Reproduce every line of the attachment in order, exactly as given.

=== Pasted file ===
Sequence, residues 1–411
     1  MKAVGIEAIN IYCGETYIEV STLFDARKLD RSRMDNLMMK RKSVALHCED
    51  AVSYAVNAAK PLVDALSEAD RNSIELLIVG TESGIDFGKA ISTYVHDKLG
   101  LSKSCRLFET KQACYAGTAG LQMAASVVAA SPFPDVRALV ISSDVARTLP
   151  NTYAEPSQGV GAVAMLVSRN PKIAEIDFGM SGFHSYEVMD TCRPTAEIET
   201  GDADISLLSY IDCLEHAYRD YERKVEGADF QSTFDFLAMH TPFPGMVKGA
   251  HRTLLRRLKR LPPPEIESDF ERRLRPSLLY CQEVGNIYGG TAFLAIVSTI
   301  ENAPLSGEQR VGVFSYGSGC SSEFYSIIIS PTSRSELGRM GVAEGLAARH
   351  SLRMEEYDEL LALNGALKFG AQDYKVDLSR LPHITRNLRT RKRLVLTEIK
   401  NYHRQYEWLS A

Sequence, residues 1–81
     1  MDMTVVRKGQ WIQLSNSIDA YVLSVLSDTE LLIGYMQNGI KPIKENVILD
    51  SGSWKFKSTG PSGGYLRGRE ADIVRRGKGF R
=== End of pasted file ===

Sequence, residues 1–411
     1  MKAVGIEAIN IYCGETYIEV STLFDARKLD RSRMDNLMMK RKSVALHCED
    51  AVSYAVNAAK PLVDALSEAD RNSIELLIVG TESGIDFGKA ISTYVHDKLG
   101  LSKSCRLFET KQACYAGTAG LQMAASVVAA SPFPDVRALV ISSDVARTLP
   151  NTYAEPSQGV GAVAMLVSRN PKIAEIDFGM SGFHSYEVMD TCRPTAEIET
   201  GDADISLLSY IDCLEHAYRD YERKVEGADF QSTFDFLAMH TPFPGMVKGA
   251  HRTLLRRLKR LPPPEIESDF ERRLRPSLLY CQEVGNIYGG TAFLAIVSTI
   301  ENAPLSGEQR VGVFSYGSGC SSEFYSIIIS PTSRSELGRM GVAEGLAARH
   351  SLRMEEYDEL LALNGALKFG AQDYKVDLSR LPHITRNLRT RKRLVLTEIK
   401  NYHRQYEWLS A

Sequence, residues 1–81
     1  MDMTVVRKGQ WIQLSNSIDA YVLSVLSDTE LLIGYMQNGI KPIKENVILD
    51  SGSWKFKSTG PSGGYLRGRE ADIVRRGKGF R